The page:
If your web host uses cPanel for site administration, you can find certificate details by navigating to Security and clicking on SSL/TLS Status.

cPanel Security SSL/TLS Status

All installed SSL certificates and their details will be shown here.

cPanel SSL/TLS Status

In case your web host uses a proprietary dashboard for site administration, you should consult their documentation or your hosting plan details to know if you already have an SSL certificate.

Step 2: Get the correct website information

Since SSL certificates are individually issued for websites, information such as your site’s IP address and proof that you do own the website are critically important. Hence, providing correct information about your site is essential to obtain the certificate.

Identify your site’s IP address

Your site’s IP address is usually displayed on your web host’s site administration page. For example, if your web host uses cPanel, you can find it on the General Information section upon logging in.

cPanel IP Address Information

In case your web host does not use cPanel, you should still find it upon logging in to your hosting account. For example, Cloudways shows the site IP address in the Application Credentials section on the Access Details page.

Cloudways IP Address

Another way to identify your WordPress site’s IP address is by simply going to WhatIsMyIP.com and clicking on DNS Lookup. This can come in handy if you are unable to access your web host’s dashboard.

Enter the complete URL of your site in the text box, including the https:// tag at the beginning, and click on Lookup to obtain your site’s IP address.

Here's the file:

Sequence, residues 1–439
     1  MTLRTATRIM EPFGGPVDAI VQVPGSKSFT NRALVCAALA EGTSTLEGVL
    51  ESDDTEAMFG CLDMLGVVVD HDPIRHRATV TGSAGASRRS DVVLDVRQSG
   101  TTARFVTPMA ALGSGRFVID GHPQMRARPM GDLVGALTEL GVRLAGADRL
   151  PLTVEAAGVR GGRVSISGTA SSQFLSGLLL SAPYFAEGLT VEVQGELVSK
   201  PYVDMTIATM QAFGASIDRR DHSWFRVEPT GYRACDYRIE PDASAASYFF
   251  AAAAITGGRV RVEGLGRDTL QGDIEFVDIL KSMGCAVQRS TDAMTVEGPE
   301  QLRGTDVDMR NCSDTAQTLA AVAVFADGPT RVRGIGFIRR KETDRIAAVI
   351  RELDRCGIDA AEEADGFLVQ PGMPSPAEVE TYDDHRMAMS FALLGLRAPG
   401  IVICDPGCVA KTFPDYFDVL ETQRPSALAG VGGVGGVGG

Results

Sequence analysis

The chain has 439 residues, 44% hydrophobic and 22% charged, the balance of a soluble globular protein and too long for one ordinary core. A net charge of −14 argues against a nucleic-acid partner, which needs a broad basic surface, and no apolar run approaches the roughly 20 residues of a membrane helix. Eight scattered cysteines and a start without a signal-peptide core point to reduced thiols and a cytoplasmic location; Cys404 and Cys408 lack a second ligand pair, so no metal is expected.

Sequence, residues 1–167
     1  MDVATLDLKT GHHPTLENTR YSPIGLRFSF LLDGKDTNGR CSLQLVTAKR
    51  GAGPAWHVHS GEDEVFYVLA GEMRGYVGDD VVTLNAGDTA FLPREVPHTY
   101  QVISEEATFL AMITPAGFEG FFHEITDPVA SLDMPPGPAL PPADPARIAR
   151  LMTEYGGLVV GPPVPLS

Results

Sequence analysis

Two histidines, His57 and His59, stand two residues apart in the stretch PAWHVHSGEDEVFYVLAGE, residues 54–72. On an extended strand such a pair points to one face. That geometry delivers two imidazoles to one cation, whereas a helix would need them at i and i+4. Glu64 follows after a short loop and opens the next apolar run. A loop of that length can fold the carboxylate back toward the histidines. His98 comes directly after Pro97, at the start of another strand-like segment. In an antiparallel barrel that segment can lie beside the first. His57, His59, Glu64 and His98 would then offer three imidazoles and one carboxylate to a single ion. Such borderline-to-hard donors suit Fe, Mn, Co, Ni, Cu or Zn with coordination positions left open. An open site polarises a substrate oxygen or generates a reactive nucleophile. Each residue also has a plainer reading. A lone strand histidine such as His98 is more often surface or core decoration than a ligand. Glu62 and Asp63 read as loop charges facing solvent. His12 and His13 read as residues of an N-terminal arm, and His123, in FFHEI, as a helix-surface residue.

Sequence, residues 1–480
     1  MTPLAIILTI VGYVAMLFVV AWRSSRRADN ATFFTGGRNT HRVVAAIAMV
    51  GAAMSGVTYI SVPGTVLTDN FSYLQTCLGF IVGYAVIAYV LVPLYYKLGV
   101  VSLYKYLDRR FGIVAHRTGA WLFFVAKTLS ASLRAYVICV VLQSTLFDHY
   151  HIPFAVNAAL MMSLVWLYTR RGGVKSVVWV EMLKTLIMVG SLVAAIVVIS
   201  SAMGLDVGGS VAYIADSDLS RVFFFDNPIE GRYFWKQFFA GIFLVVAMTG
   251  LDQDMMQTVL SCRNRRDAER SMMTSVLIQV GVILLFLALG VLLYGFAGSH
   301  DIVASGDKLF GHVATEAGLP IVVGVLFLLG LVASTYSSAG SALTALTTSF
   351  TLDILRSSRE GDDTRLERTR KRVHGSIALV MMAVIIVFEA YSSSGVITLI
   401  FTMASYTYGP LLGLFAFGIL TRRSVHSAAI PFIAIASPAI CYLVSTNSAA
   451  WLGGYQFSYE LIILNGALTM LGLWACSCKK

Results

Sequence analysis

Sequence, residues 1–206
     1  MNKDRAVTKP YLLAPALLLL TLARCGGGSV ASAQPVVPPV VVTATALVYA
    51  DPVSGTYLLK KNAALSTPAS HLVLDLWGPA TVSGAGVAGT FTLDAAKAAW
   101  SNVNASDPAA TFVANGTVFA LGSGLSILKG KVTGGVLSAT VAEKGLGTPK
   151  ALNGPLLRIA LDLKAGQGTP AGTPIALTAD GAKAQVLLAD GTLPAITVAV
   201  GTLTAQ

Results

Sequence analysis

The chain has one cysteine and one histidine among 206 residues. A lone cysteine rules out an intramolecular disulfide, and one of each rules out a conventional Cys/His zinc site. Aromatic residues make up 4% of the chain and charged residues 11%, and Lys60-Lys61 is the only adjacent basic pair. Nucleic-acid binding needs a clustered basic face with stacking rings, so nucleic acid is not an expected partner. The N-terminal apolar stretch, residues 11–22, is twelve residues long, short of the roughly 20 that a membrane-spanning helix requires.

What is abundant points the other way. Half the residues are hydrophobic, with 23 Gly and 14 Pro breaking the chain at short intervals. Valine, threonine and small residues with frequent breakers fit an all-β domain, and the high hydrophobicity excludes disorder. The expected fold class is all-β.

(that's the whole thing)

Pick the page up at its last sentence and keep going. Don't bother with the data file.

Provide proof of your site ownership

To prove that it is you who owns the site for which you are trying to obtain an SSL certificate, you should provide the WHOIS record of your site to the CA. WHOIS is a public database maintained by the ICANN that contains all the information collected when someone registers a website domain name.

To do so, go to Whois.com, click on Whois at the top, and enter your site’s name in the text box, without the https:// tag.

Click on Search and use the Raw Data section of the results to provide proof of your site ownership.

Raw Whois Data Manually Redacted

Some web hosts allow you to keep your personal data private, to ensure your privacy. This results in the WHOIS record of your site showing a ‘Redacted for Privacy’ message in place of personally identifiable information, as shown below.

Raw Whois Data Redacted for Privacy

In such cases, you will need to check with your preferred CA about any other documentation that they would accept to show ownership of your site.

If you are requesting an SSL certificate for a business website, you might need to provide some government registration information for your business as well.

Step 3: Choose your required SSL certificate

Figuring out which certificate you need may seem hard but trust us, it’s not as difficult as you think. 

To make things easier, we will break down the different types of certificates and their use cases in the following sections.